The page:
Retired federal inspector Phyllis McKelvey spent 44 years looking for blemishes and other defects on chicken carcasses. She started as an inspector’s helper, worked her way up, and in 1998, became part of a U.S. Department of Agriculture trial.
“I was one of the first group of inspectors ever put on HIMP,” she said in an interview from her home in north Alabama.
Fourteen years later, the HIMP* inspection system is at the center of controversial new regulations proposed by the USDA for chicken and turkey processors. It’s all part of an attempt to modernize an inspection system that dates back to 1950s-era poultry law.
“We think this is a better way to protect consumers than we have done before. And that’s really it. It doesn’t get more complicated than that,” said Elisabeth Hagen, USDA Undersecretary for Food Safety.
But from McKelvey’s perspective, HIMP’s streamlined inspection process would let too many unsafe chickens get by because it shifts the initial sorting of birds away from the inspector to the poultry companies themselves. Employees would remove carcasses, or parts, that are visibly unacceptable.
“They want to do what their supervisor says, not the right thing. If the supervisor says let it all go down the line, they let it all go down the line because that’s who pays them,” she said.
McKelvey recently delivered to USDA a petition with more than 177,000 signatures opposing the new regulations. During the formal comment period last year, more than 2,200 weighed in, with many also protesting that companies would end up controlling inspections.
The plant McKelvey worked at was one of 20 HIMP pilot locations, and data from those plants influenced the USDA’s proposal. If enacted, the changes could affect poultry slaughter plants in 30 states, including Iowa, Nebraska and Missouri.
Plants would be required to test for pathogens, and birds would be allowed to pass by the inspector faster. The new rule also would reduce the number of inspectors on the line—cutting federal jobs.
The National Turkey Federation and the National Chicken Council endorse the proposed rule. The groups have said it allows inspectors to focus on details that didn’t exist when the current system was created – and all they had was visual inspection.
“The time now has come to focus even more on pathogen control,” said Joel Brandenberger, president of the National Turkey Federation. “That requires significant biological testing and that is where the federal government has decided it wants inspectors more.”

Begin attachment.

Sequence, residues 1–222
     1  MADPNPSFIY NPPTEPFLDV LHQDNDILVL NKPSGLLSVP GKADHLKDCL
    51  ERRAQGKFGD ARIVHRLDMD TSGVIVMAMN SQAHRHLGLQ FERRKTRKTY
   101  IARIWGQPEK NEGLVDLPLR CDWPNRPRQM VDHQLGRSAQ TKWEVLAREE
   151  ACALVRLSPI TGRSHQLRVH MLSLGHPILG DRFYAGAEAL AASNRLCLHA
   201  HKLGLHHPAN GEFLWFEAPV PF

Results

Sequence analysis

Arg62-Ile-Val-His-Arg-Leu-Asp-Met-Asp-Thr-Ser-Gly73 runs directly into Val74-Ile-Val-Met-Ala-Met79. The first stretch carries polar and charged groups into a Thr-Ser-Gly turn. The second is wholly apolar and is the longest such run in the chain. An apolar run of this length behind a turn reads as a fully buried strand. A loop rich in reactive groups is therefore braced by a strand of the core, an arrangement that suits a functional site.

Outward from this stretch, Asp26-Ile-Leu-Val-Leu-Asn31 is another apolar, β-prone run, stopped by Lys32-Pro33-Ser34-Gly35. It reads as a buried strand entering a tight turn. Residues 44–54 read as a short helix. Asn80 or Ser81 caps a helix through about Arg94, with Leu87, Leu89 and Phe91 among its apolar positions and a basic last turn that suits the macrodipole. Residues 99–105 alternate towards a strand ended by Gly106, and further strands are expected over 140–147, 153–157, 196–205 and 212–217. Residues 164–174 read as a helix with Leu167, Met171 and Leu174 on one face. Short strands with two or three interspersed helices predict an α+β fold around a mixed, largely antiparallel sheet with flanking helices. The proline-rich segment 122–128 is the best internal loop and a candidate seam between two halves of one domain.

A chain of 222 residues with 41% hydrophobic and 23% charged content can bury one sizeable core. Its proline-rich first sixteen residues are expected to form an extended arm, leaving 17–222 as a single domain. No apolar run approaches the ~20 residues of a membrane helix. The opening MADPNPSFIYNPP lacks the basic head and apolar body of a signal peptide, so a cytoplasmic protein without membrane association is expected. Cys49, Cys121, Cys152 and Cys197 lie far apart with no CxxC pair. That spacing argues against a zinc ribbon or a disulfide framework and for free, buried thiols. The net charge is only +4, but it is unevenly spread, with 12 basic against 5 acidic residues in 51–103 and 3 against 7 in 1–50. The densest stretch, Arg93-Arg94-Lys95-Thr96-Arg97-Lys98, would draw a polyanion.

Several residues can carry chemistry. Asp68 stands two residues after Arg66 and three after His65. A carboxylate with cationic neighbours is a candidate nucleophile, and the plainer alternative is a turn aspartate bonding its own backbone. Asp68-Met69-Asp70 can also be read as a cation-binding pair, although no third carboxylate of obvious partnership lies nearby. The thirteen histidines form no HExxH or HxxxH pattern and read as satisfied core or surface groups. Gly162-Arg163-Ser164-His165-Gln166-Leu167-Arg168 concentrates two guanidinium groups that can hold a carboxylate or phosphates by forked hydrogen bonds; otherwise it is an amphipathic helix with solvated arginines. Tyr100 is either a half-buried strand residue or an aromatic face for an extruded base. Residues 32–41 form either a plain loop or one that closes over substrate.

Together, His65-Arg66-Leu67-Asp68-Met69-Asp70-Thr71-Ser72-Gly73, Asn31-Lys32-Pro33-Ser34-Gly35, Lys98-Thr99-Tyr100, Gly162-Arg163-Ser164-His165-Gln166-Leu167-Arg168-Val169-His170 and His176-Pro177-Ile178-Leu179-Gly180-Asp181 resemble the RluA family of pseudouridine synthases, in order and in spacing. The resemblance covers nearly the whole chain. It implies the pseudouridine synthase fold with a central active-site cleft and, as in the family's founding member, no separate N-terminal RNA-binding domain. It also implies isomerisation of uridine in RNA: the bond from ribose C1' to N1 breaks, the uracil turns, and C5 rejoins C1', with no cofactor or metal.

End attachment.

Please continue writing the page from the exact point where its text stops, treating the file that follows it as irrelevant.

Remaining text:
Tom Super, a vice president at the National Chicken Council, echoed that, saying half a century ago, the physical defects on a bird were seen as the threat to public health. Now, there’s a better understanding.
“We know what could potentially make people sick, and those are things like salmonella and campylobacter,” he said, not bruises.
Undersecretary Hagen said the data show HIMP plants did as well or better than other plants on measures like salmonella rates. And they did it at a lower cost.
However, consumer groups such as the Center for Effective Government deemed the same data inconclusive.
Gynnie Robnett, coordinator of the center’s Coalition for Sensible Safeguards, said that in the case of one pathogen – campylobacter -- the USDA’s data seems to indicate there may not be much of an effect or the consequences could be disastrous.
“I think that level of uncertainty is just pretty ridiculous when you’re gambling with consumers’ health and safety and our food system,” she said, adding that saving money shouldn’t be a factor in the decision.
But Hagen said in this case, efficiency and efficacy go together.
“There’s definitely a good government component to this, being better stewards of the taxpayers’ dollars,” she said. “But what’s driving it is furthering our mission and continuing to improve public health.”
However, the new poultry rule remains under-cooked — still pending at the USDA. Although Hagen said it’s a priority, no one at USDA will say when it might get pushed to the next stage in the multi-step regulatory process.
*HIMP stands for HACCP-based Inspection Models Program. HACCP stands for for Hazard Analysis and Critical Control Points, a method of identifying potential problem areas and maintaining written plans for managing the risks they present.
This story originally aired as part of Business Beat, a weekly program about business and economics in mid-Missouri.